Enjoy the evening! We’re going to have excellent stars tonight, most likely no moon, and there’s already stars out. A lot of clouds up there, but good gaps between clouds and it’s reasonably clear off to the north.

– rob

Monday morning – almost half way there

Good morning –

Last night was an interesting encounter (first visually due to the bright lights, and later on AIS to get the data) with the 43 meter fishing vessel Fuyanyu 92. Somewhat unusual to see bright lights on the horizon here mid-ocean, started to look like a boat of some kind – a cruise ship?

Turned out it was a 43 meter fishing vessel Fu Yuan Yu, and they went by about 6 miles off on their way north while we passed by headed soutwest. I tried hailing them on the VHF, and they did not respond. The only possible issue would have been if they were long lining, but at 7 knots of boat speed it was unlikely they were laying out a longline across Beetle’s bow.

Most of the evening was spent on deck in the cockpit, that’s the prime time to read as it’s nicely cool and you’re not cooking in the sun, tons of stars were out (at least for the first half of the night, later on the sky clouded over a bit), shooting stars shot across the sky, and it’s really nice. I’m reading a Jet Propulsion Laboratory history of the Voyager 1 & 2 interplanetary probes, and lots of talk about the amazing imagery that came back from those two spacecraft.

The morning brought in stronger trades, up to 20 knots steady now, and the sea state is building with it. It’s always hobbledy bobbledy when the wind direction changes and the sea state becomes a jumbled mess and Beetle hops up and down and side to side as we bounce off the different wave trains. Makes life on board interesting, as the boat lurches in different directions and you learn to not try and stand anywhere without bracing yourself into something solid. Walking forward to the head becomes more of a jungle gym exercise as you work forward from the vertical ladder bar to the vertical grab bars port and starboard at the nav station and galley, then it’s another step forward to reach the overhead teak grab rails, then you can reach the mast and lean against it, then step through the main bulkhead, lean against the work bench, turn to right and wait for the boat to go momentarily level so you can step through the small bulkhead and into the head. At least the toilet is facing fore & aft, so when seated you’re wedged in at the shoulder and can’t fall off when the boat rolls. Boats with the toilet set facing inboard (a common enough tactic to squeeze more things into less space) really aren’t set up for offshore use. When the boat rolls heavily and the toilet rises up behind you, it can be tough to not get flung forward towards centerline.

ComNav are looking into the 1500 autopilot parameter loss, apparently all sorts of things can happen – essentially anything that would place voltage across various parts of the unit can cause the non-volatile memory to become volatile and drop whatever was saved. Good thing I had those numbers written down! I’ve also examined the backup hydraulic pump, and turns out there is a small amount of stroke displacement adjustment built into how the small black cube hydraulic pump attaches to the actual motor. As my spare is setup at maximum displacement, I bet the installed pump is set up the same way. Something to try out is to back off the two set-screws and rotate the pumpset over to the least displacement setting and see if that makes the motor run more smoothly. Hmm… things to experiment with when conditions calm down!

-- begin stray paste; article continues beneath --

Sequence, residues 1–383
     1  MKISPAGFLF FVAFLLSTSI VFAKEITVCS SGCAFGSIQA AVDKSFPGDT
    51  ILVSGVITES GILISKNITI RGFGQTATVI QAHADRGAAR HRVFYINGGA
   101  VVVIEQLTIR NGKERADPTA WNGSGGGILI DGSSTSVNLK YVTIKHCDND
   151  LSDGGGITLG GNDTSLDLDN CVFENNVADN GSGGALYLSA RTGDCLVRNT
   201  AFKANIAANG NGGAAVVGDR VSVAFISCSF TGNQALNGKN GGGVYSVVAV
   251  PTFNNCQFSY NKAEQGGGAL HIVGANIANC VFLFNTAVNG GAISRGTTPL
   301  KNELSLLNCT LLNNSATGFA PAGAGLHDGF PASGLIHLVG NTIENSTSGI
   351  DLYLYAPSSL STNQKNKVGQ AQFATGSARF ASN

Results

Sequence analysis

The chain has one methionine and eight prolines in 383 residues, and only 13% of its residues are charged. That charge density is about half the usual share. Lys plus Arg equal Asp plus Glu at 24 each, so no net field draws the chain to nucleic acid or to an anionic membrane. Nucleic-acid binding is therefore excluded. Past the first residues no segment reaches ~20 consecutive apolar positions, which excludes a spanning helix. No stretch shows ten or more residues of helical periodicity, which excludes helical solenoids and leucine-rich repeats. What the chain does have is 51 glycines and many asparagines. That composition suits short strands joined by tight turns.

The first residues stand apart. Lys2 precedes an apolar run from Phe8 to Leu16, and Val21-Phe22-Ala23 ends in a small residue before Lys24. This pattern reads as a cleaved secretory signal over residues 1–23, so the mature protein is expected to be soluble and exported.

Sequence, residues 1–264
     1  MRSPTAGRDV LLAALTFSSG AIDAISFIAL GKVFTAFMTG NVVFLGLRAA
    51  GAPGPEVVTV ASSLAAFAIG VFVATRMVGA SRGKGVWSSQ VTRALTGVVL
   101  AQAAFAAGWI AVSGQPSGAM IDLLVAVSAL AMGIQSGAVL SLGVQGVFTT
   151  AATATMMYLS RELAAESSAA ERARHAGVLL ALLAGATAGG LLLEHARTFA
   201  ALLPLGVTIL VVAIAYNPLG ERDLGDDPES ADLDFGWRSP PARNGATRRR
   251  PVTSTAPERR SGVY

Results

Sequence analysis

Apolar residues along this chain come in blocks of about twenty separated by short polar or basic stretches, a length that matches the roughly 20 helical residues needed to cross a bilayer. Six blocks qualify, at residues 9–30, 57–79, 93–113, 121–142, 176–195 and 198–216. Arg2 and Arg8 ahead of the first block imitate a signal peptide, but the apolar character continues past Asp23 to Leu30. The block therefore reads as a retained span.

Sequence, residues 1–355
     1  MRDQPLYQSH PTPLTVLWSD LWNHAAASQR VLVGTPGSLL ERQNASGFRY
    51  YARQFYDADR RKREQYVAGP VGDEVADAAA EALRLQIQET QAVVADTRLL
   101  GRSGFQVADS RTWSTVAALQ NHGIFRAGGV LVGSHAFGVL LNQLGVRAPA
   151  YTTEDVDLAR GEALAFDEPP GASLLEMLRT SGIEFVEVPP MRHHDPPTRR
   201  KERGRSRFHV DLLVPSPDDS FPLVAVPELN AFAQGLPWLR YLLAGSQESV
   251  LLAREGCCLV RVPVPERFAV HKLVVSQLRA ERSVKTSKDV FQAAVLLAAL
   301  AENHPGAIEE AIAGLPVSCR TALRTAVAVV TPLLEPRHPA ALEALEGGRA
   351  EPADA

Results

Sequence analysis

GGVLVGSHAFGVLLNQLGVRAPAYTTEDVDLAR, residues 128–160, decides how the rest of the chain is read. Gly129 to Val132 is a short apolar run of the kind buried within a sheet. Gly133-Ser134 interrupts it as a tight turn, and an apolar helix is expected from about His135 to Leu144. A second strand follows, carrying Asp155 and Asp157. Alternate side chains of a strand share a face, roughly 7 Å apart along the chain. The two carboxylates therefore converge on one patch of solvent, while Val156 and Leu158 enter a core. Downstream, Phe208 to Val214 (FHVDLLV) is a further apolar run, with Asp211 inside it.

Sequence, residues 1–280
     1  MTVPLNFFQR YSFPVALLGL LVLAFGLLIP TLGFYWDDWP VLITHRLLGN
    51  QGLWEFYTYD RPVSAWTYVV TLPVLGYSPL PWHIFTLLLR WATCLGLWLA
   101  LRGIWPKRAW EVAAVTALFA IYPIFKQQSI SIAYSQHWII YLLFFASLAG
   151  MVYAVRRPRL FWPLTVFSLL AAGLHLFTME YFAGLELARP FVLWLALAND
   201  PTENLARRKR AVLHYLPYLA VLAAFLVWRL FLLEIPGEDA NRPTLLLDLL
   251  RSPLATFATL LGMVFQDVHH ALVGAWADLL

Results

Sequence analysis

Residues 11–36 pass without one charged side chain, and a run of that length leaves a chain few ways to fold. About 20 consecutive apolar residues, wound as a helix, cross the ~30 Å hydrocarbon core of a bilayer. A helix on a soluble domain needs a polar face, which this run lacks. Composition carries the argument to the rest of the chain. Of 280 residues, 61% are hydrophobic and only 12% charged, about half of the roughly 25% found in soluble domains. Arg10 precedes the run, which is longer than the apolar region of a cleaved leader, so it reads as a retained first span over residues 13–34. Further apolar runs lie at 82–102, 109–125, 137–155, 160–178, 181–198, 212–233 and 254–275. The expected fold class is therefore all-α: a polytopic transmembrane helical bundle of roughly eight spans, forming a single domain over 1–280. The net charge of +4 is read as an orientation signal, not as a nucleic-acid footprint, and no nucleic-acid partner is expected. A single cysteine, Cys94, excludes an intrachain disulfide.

Tonight Beetle will be Net Control for the Pacific Puddle Jump net, I’ve got a pretty good radio but I’m not in the middle of the fleet and I don’t hear a lot of the boats very well. There are a couple of good radio installations out here, Coastal Drifter has one, and I fear Phil on Coastal Drifter is going to be doing a lot of relays for me tonight! So much for Phil trying to share the radio net wealth.

Jack is asleep at the moment, I have the watch, we’re scooting along in nice trades, super bright blue sky, lots of white caps out to the horizon, a couple of 8-10′ swell trains coming through, and the sea state is beginning to stabilize as the old wind waves die out and the new wind waves continue.

Should be a super day!

current position 09 deg 58’N x 126 deg 08’W, making 6.8 knots at 237T.

Kristen has asked if I could add distances run, distance to go, etc. I’ll have to work on that as my written information is based on the 0200 UTC net, not on the log postings. Right now we’re 1363 miles from La Cruz, 276 miles from the current approximate turning point of 08N x 130W, and the entire trip is roughly 3,000 miles. So closing in on the half-way point!

– rob

Sunday evening out on the pond

Greetings from Beetle –

we’re going to have in-flight entertainment shortly; the tanker Stolt Efficiency just popped up on AIS, they are bound for JPUKB (Japan?), and show as being 19 miles out now with a CPA of 1.6 miles in a bit under two hours from now. Jack and I are cleaning the boat so it looks good from a distance.

And then the skipper on Stolt called Tiger Beetle up on the radio: “Tiger Beetle, small sailboat, what are you doing out here one thousand miles from land?!? Is everything OK?” He was amazed that a small sailboat would be this far out at sea, essentially in the middle of nowhere and not heading obviously towards anything (note that we are not on course directly to the Marquesas, as we’re lining up for the ITCZ crossing first). We talked for quite a bit on the radio, he wanted the boat’s internet page so he could go look us up and see what we were all about. He asked how many were on board, I said two. I asked the same in return, he said 30. “And we had a barbecue on deck yesterday, is very nice!” Fun folks on the Stolt, they departed the Panama Canal and will spend three weeks crossing to Kobe, Japan with their load of oil. He said that normally at sea things are very busy for those on board, but the Pacific Crossing was very nice as it was a chance for them to relaxe some and enjoy the ocean.

And Jack has been rescuing more flying fish – they seem to have an affinity for him.